Class of 2018: After a Few False Starts, Jesus Gomez Finds His Way

Jesus Gomez sits in a chair smiling at the camera

Jesus Gomez will graduate with a degree in speech communications disorders from the Curry School of Education.

A couple years into his time at the University of Virginia, Jesus Gomez was worried he would never find his calling.

The first-generation college student had started out as a biology major thinking he would head to medical school. Then he thought he wanted to go into biomedical engineering. Then he figured kinesiology might be for him.

But at a meeting for students interested in kinesiology, Gomez began talking with Dr. Filip Loncke – an associate professor at the Curry School of Education who was seated nearby.

Text reads: Meet the Class of 2018 Read more

Gomez became fascinated by the workings of the inner ear. “Once you lose your hearing, a lot of your other senses try and compensate,” he said.

Next week, Gomez will graduate with a degree in speech communications disorders from Curry, wrapping up a collegiate career that included volunteer Spanish interpreting at the UVA Medical Center, leadership roles in student organizations – and a penchant for zipping across Grounds on his skateboard.

A Helping Hand

As a child, Gomez suffered from asthma and endured frequent visits to see doctors. It was during those visits that he realized he wanted to someday work in a career where he could help others.

He said that’s what makes audiology so perfect. “I like the aspect of being able to make a connection with your patients,” he said. “That’s something in audiology that you’re able to do. You see them multiple times. It’s not like I just see you one time and then never again.”

Jesus Gomez working on a lab machine

Jesus Gomez works in the lab of Kristin Roush, an assistant professor in the Speech, Language, Hearing Center in the Curry School’s Department of Human Services.

A Great Mentor

Gomez said he doesn’t know where he’d be without Kristin Roush, an assistant professor in the Curry School Department of Human Services’ Speech, Language, Hearing Center (part of the Sheila C. Johnson Center for Human Services). When Gomez was just getting started in his major, she was his sounding board.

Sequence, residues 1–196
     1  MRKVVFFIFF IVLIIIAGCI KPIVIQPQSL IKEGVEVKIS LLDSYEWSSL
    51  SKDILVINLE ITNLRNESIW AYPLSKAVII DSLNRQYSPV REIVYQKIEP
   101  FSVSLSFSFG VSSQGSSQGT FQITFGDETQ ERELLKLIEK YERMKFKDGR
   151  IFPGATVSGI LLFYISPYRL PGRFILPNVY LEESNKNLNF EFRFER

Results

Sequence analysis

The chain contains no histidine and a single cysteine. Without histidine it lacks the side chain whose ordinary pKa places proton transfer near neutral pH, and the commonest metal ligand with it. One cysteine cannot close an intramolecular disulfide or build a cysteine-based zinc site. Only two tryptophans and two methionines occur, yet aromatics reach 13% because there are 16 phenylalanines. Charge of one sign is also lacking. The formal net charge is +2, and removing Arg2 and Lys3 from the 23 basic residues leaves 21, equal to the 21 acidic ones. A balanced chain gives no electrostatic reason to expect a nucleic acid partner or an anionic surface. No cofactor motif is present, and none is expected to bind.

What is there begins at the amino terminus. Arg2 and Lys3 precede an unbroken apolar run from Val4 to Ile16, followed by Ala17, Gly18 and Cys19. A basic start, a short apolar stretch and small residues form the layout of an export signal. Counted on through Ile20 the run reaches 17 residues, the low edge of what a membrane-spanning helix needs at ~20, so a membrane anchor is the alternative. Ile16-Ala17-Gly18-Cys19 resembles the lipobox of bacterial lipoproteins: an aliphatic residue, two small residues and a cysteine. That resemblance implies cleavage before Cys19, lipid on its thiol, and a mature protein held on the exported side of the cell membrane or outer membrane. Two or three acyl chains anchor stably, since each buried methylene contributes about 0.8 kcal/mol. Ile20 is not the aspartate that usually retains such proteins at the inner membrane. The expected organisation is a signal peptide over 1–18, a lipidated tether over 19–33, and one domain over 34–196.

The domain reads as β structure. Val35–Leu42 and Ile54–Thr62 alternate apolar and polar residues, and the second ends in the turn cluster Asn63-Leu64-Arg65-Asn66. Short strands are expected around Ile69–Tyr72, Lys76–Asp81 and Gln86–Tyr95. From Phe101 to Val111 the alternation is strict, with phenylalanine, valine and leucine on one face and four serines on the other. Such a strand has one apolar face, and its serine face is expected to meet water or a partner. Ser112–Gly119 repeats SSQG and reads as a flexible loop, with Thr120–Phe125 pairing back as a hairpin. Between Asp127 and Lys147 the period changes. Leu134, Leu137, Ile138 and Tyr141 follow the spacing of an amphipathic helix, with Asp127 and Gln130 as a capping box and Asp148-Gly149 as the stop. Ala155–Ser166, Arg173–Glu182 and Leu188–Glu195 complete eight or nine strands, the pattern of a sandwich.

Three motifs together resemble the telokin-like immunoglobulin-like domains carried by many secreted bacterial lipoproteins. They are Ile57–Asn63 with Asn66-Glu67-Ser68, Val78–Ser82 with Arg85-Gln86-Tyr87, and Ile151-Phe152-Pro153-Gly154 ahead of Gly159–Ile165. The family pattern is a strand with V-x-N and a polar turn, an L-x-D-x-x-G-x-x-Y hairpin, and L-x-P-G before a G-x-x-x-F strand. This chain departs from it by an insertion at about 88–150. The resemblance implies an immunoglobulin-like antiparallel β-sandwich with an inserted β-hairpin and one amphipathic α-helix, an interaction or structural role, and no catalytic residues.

“She believed in me from the very beginning and it really motivated me,” Gomez said. “I’m so thankful for her helping me. I think it was a matter of finding something that I was really passionate about and really enjoyed. Once I found it, it was pretty smooth sailing.”

Jesus Gomez stands with a woman smiling at the camera

A Smooth Skater

If you’ve ever bumped into Gomez on Grounds, chances are he’s been toting his skateboard. Gomez was born in Lima, Peru – but he grew up near Kitty Hawk on North Carolina’s Outer Banks, where skateboarding, surfing and other outdoor sports are ways of life.

“I really like to skate,” he said. “I like going down McCormick [Road]. It’s a pretty steep hill and you can get a lot of speed and go all the way up to the Curry School without having to kick.”

Jesus Gomez riding a skateboard on the sidewalk

Gomez is a member of Latinx Student Alliance, Christian Students at UVA and served as the treasurer in Curry’s chapter of the National Student Speech Language Hearing Association. In his spare time, he volunteers at the UVA Medical Center as an interpreter. “Being bilingual – it’s very easy for me to talk to other people,” he said.

The UVA Experience

Gomez said his parents, who sacrificed a lot for him to come to UVA and who now live in Virginia Beach, can’t wait to see him walk the Lawn.

In August, Gomez will begin work on his doctorate in audiology at the University of Tennessee. His goal is to become an audiologist.

Gomez smiled as he talked about his four years at UVA. “I don’t think it went exactly how I thought it would go,” he said, “but I think it was definitely the way that it was supposed to go, if that makes any sense. I’m a firm believer in what’s meant to be is meant to be. Initially, I was very focused on being an M.D., but I think I found my path through trial and error and just talking to people.

“I think that’s one thing I’ll really take away from UVA is that I’ve learned how to talk to people and seek help if I need help. That’s really pushed me to become a better student and I think a better person overall.

“I’m definitely glad I came here, that’s for sure.”

Media Contact

Whitelaw Reid

University of Virginia Licensing & Ventures Group